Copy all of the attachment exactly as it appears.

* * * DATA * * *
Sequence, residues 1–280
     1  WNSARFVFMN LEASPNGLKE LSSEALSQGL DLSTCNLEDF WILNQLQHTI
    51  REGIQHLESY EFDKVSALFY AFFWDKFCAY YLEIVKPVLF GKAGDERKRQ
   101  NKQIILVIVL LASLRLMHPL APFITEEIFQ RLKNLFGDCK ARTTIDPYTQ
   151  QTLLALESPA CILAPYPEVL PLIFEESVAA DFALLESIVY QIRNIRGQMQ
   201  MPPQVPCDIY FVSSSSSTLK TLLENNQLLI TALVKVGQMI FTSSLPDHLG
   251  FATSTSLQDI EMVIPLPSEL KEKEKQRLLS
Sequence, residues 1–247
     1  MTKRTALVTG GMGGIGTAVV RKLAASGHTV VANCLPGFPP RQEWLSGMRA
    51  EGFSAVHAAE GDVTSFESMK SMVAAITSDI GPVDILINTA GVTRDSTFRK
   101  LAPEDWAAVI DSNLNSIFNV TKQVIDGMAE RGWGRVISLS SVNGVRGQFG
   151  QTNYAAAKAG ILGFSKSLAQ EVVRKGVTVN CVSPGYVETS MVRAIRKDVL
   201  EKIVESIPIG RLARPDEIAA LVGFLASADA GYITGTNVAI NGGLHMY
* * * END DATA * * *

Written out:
Sequence, residues 1–280
     1  WNSARFVFMN LEASPNGLKE LSSEALSQGL DLSTCNLEDF WILNQLQHTI
    51  REGIQHLESY EFDKVSALFY AFFWDKFCAY YLEIVKPVLF GKAGDERKRQ
   101  NKQIILVIVL LASLRLMHPL APFITEEIFQ RLKNLFGDCK ARTTIDPYTQ
   151  QTLLALESPA CILAPYPEVL PLIFEESVAA DFALLESIVY QIRNIRGQMQ
   201  MPPQVPCDIY FVSSSSSTLK TLLENNQLLI TALVKVGQMI FTSSLPDHLG
   251  FATSTSLQDI EMVIPLPSEL KEKEKQRLLS
Sequence, residues 1–247
     1  MTKRTALVTG GMGGIGTAVV RKLAASGHTV VANCLPGFPP RQEWLSGMRA
    51  EGFSAVHAAE GDVTSFESMK SMVAAITSDI GPVDILINTA GVTRDSTFRK
   101  LAPEDWAAVI DSNLNSIFNV TKQVIDGMAE RGWGRVISLS SVNGVRGQFG
   151  QTNYAAAKAG ILGFSKSLAQ EVVRKGVTVN CVSPGYVETS MVRAIRKDVL
   201  EKIVESIPIG RLARPDEIAA LVGFLASADA GYITGTNVAI NGGLHMY